The Hauhau Movement
Waikato war, the New Zealand government wanted to get more control
over their affairs so the British regiments began to leave.
Fighting flared up all over the central North Island. Settlers and
Maori allies took on more of the combat role and the fighting
looked increasingly like a civil war.
As the tide of war turned against Maori, many tribes looked for hope in the direction of spiritual leaders. Many tried to stop the spiralling violence. One of them was Te Ua Haumene, a Christian prophet from Taranaki. Te Ua founded a new religion called Hauhau, after Te Hau (spirit of God), that was guided by principles of Pai Marire - goodness and peace.
Te Ua's followers believed that they were communicating with God through the winds and they erected huge poles, called nui poles, with flags that they could dance around. Te Ua declared a Pai Marire zone as a new aukati, a zone of peace.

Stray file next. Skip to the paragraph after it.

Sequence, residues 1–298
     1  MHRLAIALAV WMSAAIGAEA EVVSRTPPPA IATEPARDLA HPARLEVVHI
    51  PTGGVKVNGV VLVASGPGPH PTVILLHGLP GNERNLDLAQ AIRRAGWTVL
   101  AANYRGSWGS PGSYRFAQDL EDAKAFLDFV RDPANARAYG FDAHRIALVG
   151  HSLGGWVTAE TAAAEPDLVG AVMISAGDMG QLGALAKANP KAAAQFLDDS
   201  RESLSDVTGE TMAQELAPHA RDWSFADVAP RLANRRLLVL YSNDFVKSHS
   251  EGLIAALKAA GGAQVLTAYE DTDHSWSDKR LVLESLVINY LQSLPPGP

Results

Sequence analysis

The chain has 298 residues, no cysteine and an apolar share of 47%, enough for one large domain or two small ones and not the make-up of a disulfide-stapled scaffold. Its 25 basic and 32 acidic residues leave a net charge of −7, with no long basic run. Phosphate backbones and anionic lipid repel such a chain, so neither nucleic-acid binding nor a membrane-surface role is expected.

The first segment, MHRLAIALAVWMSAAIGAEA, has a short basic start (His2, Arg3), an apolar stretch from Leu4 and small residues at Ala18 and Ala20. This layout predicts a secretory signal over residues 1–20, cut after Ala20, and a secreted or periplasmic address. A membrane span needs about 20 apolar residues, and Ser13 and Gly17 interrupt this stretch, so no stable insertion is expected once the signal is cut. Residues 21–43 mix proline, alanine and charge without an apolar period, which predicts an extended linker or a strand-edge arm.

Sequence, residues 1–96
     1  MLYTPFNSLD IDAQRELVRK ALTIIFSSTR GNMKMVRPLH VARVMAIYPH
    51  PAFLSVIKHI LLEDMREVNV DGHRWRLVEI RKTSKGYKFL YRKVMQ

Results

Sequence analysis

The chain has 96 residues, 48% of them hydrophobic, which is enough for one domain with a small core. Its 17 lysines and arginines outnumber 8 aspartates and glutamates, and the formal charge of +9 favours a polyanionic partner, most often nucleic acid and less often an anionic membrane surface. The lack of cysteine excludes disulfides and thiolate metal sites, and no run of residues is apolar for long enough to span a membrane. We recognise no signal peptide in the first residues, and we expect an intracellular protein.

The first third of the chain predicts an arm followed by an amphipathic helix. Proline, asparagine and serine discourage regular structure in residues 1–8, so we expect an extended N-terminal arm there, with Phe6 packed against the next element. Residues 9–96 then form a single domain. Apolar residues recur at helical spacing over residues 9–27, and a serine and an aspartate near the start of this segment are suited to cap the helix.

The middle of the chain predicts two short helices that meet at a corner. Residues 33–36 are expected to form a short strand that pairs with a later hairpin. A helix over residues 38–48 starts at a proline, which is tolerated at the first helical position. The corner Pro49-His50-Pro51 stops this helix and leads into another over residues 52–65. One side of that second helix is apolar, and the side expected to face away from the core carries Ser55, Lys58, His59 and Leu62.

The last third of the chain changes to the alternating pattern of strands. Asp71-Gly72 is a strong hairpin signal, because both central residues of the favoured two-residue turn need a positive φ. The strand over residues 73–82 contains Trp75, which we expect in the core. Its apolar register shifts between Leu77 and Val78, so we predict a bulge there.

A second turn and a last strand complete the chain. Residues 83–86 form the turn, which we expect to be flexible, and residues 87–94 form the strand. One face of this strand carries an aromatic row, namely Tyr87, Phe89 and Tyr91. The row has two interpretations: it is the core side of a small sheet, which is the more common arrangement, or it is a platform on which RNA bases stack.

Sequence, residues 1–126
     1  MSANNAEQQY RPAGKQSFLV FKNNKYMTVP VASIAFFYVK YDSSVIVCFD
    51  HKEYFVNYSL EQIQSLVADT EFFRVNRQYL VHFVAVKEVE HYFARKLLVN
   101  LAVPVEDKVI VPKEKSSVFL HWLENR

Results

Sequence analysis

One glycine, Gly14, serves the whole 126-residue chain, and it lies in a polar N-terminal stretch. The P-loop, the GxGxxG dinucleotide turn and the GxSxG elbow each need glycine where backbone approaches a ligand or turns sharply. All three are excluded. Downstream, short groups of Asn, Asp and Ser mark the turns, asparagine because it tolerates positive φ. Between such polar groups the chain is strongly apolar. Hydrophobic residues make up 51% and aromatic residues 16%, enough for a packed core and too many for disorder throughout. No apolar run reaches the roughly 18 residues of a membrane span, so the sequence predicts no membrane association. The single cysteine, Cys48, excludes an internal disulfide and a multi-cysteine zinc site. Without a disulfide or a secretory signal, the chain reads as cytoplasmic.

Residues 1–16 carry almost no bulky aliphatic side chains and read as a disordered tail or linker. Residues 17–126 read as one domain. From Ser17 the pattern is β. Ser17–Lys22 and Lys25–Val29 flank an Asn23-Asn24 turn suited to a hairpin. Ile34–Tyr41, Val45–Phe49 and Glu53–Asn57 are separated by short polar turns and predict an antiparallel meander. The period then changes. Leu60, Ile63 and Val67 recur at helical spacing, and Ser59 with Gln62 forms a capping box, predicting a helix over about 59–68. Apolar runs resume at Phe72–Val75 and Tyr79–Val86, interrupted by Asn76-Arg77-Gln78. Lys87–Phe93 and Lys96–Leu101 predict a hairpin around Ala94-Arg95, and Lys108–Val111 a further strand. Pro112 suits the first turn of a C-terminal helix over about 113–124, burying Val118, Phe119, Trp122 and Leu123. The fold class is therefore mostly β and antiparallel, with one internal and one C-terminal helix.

Hauhau members began travelling around the North Island where they converted many to the new faith. But if Te Ua preached peace, his followers used the beliefs to justify war and soon began to clash with government forces. In 1864 Te Ua's followers launched attacks in Taranaki and Whanganui.
In June 1866 the Hauhau were attacked in Gisborne by the combined forces of European soldiers and their Ngati Porou allies. After the battle a large number of Hauhau supporters were taken prisoner and exiled to the Chatham Islands (among them was Te Kooti Arikirangi Te Turuki, the future military leader and prophet.)
Te Ua was one of several prophets to emerge in New Zealand during this tremulous period. The Hauhau movement was a reflection of the experience of colonised indigenous people all over the world.
The combination of traditional Maori beliefs and Christianity was a way of coping in a changing world. The people turned to the spiritual or supernatural for salvation and this is what Pai Marire offered.